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Inspiration & Expert Advice to Help You Create Your Own Wedding Ceremony!


Handfasting Ceremonies

I was invited to conduct a handfasting ceremony on a beautiful property at Dorrigo, in northern NSW.  The garden, where the ceremony was held, was a maze of pathways that were an invitation to wander through the terraced beds of flowers and shrubs down to a cleared area which overlooked the lush, green hills. In the northern corner stood a big oak tree which had seen many family occasions. It was gnarled and beautiful and was decorated with a big yellow ribbon around its huge trunk. 


Many of you would remember the song, Tie a Yellow Ribbon Round the Ole Oak Tree, made famous in the seventies - the lyrics date back four centuries. The yellow ribbon around the trunk of an oak tree symbolised the promise of a young girl being true to her man. At this ceremony I attended, the yellow ribbon tied around their oak tree symbolised the couple's loyalty to each other as they had endured many months apart while the groom was working interstate. There are many rituals that have lasted centuries that symbolise a couples love and commitment. 


The handfasting ceremony dates back to the time of the ancient Celts. It was used to acknowledge the beginning of a trial period of a year and a day during which time a couple were literally bound together - hand fasted. It was however a temporary agreement which could be made permanent, after the trial period, if both parties agreed. 


The couple from Dorrigo pledged their love to each other with ribbons being wrapped around their hands with each promise.

 

A Lifetime Commitment


Nowadays, the handfasting ceremony is only used symbolically as marriage, according to the law in Australia, is a lifetime commitment. The bride and groom’s hands are joined together, usually holding hands so the wrists and pulses are touching, with a ribbon or symbolic material looped over the bride and groom’s wrists and tied by the celebrant or a friend.  Here is a sample ceremony below, looping the ribbon six times. 

 

Ensure that the ribbon is the right length - I recommend a rehearsal so that everyone is familiar with the ritual before the ceremony day. 


The words spoken usually express that the couple are bound by their love and commitment for one another and like the cord, which has two individual ends, they are two individuals. Yet, in essence, they are one.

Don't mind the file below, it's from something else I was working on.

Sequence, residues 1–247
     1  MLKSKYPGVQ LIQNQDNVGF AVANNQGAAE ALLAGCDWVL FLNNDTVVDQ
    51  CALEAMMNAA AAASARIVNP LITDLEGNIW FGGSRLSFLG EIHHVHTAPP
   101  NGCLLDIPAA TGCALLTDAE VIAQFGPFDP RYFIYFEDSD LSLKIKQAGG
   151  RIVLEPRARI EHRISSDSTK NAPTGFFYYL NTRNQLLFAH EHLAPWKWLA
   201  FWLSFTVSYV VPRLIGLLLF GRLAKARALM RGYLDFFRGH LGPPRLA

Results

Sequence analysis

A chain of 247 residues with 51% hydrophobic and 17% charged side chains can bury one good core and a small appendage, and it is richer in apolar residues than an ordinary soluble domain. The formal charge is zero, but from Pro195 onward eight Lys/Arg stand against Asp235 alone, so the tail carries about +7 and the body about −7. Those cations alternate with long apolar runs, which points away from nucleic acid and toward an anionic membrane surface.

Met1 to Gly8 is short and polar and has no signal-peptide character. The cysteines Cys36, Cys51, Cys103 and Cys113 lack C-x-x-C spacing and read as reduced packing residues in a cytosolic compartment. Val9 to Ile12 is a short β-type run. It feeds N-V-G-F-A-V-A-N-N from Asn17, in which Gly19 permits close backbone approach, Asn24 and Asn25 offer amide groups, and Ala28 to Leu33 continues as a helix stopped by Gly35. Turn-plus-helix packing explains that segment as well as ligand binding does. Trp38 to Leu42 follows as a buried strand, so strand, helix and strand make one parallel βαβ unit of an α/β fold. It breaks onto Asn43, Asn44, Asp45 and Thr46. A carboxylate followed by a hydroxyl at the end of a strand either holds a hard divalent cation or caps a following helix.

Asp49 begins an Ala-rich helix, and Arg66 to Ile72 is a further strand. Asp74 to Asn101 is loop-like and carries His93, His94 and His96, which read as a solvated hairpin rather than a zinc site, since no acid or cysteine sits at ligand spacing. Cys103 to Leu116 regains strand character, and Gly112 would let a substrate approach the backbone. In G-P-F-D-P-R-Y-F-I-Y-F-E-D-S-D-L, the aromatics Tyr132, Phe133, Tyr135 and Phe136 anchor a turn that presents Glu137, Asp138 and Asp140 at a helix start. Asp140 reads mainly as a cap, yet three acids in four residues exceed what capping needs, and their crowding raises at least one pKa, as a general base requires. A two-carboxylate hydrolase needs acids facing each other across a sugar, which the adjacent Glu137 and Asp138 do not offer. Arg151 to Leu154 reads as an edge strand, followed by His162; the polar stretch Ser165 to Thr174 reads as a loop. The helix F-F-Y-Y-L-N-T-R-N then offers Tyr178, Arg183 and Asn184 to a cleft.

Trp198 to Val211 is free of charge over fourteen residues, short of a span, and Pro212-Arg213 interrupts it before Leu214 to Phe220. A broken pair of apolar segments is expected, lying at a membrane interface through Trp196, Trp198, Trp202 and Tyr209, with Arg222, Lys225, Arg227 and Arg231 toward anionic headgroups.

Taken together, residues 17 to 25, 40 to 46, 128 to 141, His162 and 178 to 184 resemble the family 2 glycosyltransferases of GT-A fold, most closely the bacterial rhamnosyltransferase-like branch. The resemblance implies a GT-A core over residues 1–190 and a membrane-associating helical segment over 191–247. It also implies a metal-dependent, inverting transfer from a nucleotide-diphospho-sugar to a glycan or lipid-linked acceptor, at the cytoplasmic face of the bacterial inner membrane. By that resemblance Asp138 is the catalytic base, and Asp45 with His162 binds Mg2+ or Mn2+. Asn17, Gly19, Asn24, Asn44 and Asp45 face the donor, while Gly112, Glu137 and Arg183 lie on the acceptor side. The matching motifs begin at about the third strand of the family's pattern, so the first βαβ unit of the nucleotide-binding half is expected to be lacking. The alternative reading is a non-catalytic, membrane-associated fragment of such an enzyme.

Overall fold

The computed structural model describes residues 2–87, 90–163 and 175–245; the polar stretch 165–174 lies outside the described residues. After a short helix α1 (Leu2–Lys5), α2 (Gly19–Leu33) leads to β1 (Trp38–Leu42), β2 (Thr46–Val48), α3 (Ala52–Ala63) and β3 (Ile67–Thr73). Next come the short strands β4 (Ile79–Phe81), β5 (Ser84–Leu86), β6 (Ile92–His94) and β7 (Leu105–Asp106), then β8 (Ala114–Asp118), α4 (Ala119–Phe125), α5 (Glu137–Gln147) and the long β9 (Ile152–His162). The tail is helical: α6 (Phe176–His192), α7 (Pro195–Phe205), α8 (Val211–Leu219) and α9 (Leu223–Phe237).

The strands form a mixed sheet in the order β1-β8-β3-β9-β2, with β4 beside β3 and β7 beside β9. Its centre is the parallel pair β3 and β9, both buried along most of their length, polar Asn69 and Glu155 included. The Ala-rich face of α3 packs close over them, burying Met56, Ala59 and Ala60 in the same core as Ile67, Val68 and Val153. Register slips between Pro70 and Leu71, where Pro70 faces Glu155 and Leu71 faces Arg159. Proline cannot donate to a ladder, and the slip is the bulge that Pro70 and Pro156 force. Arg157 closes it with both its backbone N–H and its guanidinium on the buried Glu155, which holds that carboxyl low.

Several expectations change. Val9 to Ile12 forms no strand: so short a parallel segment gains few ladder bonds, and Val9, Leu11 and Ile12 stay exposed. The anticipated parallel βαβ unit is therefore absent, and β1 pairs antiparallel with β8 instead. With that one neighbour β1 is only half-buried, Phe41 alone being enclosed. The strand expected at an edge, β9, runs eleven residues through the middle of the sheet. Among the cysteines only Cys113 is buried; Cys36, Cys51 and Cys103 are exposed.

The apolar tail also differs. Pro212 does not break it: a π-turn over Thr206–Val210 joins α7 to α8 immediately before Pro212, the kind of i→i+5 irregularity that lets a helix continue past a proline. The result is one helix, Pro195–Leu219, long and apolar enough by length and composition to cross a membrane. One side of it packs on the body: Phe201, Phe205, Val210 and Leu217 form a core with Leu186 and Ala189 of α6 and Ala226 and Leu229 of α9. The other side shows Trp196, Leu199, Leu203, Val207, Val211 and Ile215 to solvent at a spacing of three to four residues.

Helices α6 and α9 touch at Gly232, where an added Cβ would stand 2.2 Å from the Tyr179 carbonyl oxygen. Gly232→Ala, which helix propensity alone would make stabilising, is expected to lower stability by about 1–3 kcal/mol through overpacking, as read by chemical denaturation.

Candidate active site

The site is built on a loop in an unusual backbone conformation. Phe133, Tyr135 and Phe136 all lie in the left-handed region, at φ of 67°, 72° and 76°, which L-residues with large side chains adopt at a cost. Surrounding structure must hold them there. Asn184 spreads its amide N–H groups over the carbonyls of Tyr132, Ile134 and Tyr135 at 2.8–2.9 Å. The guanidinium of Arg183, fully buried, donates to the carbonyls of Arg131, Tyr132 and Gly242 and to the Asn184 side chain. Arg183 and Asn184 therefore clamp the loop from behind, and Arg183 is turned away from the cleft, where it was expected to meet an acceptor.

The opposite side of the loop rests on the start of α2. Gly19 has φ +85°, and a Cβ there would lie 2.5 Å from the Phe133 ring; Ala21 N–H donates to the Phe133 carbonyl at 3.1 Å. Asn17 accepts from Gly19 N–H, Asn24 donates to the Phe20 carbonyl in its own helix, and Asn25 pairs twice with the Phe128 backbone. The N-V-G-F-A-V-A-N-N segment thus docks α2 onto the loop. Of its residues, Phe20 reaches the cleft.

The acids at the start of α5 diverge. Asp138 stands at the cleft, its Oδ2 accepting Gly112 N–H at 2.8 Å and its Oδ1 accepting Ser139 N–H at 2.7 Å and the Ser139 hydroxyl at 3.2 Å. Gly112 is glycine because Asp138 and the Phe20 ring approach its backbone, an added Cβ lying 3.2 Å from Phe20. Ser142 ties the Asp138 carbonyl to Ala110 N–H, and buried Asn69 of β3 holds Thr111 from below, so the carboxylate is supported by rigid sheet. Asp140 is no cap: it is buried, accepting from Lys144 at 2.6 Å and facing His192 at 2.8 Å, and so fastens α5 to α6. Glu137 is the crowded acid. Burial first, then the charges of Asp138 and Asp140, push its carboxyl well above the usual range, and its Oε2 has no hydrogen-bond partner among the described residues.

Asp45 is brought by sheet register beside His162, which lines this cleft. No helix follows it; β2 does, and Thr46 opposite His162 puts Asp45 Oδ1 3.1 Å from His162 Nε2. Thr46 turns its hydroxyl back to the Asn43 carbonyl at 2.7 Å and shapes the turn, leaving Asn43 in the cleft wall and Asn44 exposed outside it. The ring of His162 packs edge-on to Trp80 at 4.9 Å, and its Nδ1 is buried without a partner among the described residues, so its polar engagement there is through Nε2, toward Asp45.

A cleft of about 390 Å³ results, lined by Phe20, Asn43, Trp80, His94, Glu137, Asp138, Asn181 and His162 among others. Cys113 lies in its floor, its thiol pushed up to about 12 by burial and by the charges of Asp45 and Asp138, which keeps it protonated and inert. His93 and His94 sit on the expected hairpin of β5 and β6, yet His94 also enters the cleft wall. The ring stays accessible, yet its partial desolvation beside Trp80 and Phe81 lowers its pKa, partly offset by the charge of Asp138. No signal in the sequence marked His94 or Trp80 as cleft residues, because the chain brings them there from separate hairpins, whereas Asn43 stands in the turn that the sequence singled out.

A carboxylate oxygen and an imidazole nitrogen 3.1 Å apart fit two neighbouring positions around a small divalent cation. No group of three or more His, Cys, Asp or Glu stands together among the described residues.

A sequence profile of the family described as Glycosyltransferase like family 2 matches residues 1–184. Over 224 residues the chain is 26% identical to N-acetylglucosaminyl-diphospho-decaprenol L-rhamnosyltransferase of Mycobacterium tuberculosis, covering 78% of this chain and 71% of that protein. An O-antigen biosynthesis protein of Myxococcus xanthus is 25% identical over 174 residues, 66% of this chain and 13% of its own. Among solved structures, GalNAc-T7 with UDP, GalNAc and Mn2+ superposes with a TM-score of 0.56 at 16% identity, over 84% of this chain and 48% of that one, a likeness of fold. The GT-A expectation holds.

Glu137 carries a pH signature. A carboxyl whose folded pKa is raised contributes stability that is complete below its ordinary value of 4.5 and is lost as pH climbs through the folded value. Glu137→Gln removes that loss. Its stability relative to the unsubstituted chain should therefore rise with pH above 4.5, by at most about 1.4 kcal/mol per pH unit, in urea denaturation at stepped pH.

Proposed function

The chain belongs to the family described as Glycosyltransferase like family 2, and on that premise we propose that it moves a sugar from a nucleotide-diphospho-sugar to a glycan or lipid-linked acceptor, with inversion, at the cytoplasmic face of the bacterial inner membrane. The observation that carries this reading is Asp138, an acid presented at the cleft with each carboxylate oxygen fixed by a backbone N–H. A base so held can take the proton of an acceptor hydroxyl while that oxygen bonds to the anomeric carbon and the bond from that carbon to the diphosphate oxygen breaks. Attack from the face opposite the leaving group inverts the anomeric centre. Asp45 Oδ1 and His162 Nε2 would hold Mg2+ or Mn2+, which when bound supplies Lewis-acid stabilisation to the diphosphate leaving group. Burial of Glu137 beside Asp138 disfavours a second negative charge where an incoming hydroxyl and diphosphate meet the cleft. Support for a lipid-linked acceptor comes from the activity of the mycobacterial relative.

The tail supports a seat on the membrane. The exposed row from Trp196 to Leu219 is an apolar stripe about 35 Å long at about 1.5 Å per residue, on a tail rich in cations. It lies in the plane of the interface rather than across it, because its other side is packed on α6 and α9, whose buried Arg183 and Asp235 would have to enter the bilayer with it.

The bride and groom usually remain joined by the looped ribbon until after the marriage vow - not for a year and a day! The final tie being done loosely so the ribbon can be removed easily while remaining tied.


As the celebrant ensure you are standing so all the guests can see the ceremony. You may also wish to explain the ritual and its history before starting. People love to know what is going on. 


You can use just one long cord or ribbon that is looped over the joined hands at each asking or you can use a separate cord or ribbon for each question, and then tie them all as one when the asking is complete. Make sure there is plenty of time to really allow the couple to hear the questions that are being asked of them.


Handfasting Ceremony by Wendy Haynes


There is usually a question to start a handfasting ritual such as:

Jane and Matthew, do you come here voluntarily to enter this marriage ceremony? (Yes, we do) 

Jane and Matthew, would you please hold hands. 

Jane and Matthew, will you honour and respect one another? (We will) 
The first cord is draped over the couples' hands. 

Will you support and assist each other in times of pain and sorrow? (We will) 
Second cord is draped over the couple's hands. 

Will you be present in the difficult and challenging times so that you may grow strong in this union? (We will) Third cord is draped over the couples' hands. 

Will you share each others laughter and joy, and look for the brightness and fun in life, and the positive in each other? (We will) 
Fourth cord is draped over the couples' hands.

Is it your intention to bring peace and harmony into your every day ways of communicating? (We will)
Fifth cord is draped over the couples' hands.

And when you falter, will you have the courage and commitment to remember these promises and take a step back towards one another with an open heart? (We will)

Sixth cord is draped over the couples' hands.
other possible questions


Are you willing now and always to make this commitment to each other? We are.

Will you stand side by side for the rest of your days together? We will 

Will you bring fun, laughter, joy and happiness to your relationship? We will 

And as the years pass and your hands become aged and wrinkled, will you reach out and be there for each other? We will 

And now as your hands are bound together, I ask you to declare your vows to each other.


At this point the legal vows can be incorporated. There are so many variations on the handfasting ceremony depending on what the couple would like. 

Find out if your couple have any ideas first of all and if not, then you can ask them what they would like to promise to each other and what values they would like to uphold. Their answers can then be turned around to create the questions. 

You can find another two handfasting ceremonies and further ideas in the article that is posted at  wendyhaynes.com

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